Calumet track star Jai Reed leaves her mark, verbally commits to Purdue Fort Wayne
Jai Reed wishes she could rewind time.
Maybe then, the Calumet star would have been able to prepare herself for the loss of her senior season.
When she was held out of the Warriors’ first indoor track meet due to a minor leg injury, she was disappointed. When it turned out to be the team’s only track meet of the season, she was devastated.
The coronavirus pandemic forced the IHSAA to postpone and eventually cancel sports for the rest of the school year on April 2, and its decision took away the dream season Reed had envisioned for herself.
One day later, she turned the page to a new chapter in her career by verbally committing to Purdue Fort Wayne.
“The long jump coach seemed more excited than I was, and he seemed really committed,” Reed said. “He was really excited to talk to me about the things that he loved, and I could tell that he really cares about it, so he made me want to go there.”
Reed, who also played volleyball and basketball at Calumet, never thought she would become a Division I athlete. She joined the track team to simply stay in shape, but her interest in the sport quickly grew and so did her success.
Throughout her prep career, Reed said Warriors track coach Jerae Protho-Guider constantly pushed her to tap deeper into her potential. The senior recalls many practices in which Protho-Guider had her doing workouts that seemed more like punishment rather than training, but it paid off.
Reed broke the program’s long jump record twice last season and set the current school record of 18 feet, 5 1/2 inches at last year’s state meet in Bloomington.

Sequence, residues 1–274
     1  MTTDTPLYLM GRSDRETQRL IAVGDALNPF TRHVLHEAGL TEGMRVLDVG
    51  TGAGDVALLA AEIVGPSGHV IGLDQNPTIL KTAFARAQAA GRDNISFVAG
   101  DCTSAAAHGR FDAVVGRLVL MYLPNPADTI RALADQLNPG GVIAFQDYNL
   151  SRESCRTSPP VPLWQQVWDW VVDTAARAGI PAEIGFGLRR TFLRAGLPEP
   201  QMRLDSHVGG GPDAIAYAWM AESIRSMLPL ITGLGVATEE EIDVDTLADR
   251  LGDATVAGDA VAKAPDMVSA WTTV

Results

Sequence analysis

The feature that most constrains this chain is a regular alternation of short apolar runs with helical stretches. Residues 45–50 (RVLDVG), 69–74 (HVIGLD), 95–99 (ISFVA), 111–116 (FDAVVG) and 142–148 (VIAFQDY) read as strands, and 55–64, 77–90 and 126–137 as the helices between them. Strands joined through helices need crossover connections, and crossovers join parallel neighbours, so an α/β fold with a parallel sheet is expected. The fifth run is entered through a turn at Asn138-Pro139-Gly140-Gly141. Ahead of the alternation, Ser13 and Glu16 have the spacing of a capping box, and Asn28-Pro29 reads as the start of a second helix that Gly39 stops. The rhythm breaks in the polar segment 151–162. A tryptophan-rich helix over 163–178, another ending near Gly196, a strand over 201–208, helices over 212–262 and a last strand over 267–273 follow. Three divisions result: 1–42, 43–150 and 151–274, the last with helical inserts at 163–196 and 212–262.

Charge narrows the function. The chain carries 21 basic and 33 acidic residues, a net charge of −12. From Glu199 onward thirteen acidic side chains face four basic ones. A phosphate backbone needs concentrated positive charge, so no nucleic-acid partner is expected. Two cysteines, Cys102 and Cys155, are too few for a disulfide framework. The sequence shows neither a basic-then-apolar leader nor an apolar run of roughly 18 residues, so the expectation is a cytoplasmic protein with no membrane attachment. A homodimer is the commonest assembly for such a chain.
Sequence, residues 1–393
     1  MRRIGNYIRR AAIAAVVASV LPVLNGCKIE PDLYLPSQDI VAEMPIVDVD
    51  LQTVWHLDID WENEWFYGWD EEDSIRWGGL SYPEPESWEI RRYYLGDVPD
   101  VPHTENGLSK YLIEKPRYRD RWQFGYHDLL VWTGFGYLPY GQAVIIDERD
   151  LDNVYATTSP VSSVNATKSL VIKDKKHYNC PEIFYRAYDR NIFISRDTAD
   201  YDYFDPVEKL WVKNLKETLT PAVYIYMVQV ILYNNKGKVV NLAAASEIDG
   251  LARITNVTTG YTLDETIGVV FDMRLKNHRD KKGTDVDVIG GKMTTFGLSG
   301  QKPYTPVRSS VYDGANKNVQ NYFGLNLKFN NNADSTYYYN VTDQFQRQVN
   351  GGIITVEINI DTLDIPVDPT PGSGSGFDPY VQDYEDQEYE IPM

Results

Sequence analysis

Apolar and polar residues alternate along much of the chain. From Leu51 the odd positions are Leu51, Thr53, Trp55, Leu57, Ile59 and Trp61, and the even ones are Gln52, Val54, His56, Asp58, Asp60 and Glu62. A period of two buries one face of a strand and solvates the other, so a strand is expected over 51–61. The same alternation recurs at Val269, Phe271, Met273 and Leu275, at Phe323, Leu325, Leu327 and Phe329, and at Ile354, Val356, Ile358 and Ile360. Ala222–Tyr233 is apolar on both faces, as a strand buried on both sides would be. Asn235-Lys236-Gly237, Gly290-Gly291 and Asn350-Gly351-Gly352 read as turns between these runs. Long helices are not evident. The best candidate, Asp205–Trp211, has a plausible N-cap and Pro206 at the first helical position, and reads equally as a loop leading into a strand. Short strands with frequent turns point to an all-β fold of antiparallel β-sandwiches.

“I’m really proud of that,” Reed said. “I really didn’t know anything about the record at the time. We found out the next day when I went to school, and one of my teachers — who’s really historical about the school — he told me about it. I was really shocked.”
Protho-Guider said it was heartbreaking to see Reed’s high school career come to a close prematurely, especially following a stellar junior campaign. In addition to the long jump, she thinks Reed had a strong chance of qualifying for state this year in the 100- and 200-meter dashes.
“It was really, really difficult,” Protho-Guider said of the conversation she had with Reed following the IHSAA’s cancellation of spring sports. “But one thing that I found easy is that it doesn’t stop here for Jai. She still has a collegiate career, and if she wants to run professionally, I believe that she can do that.”
If Reed had the chance, Protho-Guider is certain that the senior would have etched her name a few more times in Calumet’s history books. But beyond her individual accolades, Protho-Guider added that the true extent of Reed’s legacy can be measured by the impact she had on her peers.
The standout long jumper wasn’t boastful but uplifting. And the more attention she received, the more she wanted to share it with her teammates.
“Jai was the only female last year (at Calumet) that made it state, and she set the bar pretty high,” Protho-Guider said. “So, when her teammates and people in the school saw how far she got, they believed that it was reachable. They started coming to practice more. They started working hard just as Jai did.”
Reed is still grappling with the abrupt conclusion to her last prep campaign. But overall, the senior said she is grateful for the countless memories she made as a Warrior throughout the last four years.
“I’m going to miss everything about Calumet. I knew everyone there, and it was so fun,” Reed said. “It’s going to be really weird going to another school and starting over. … But I’m down to try anything because I just want to be great. I want to leave a mark in college, too, not just high school.
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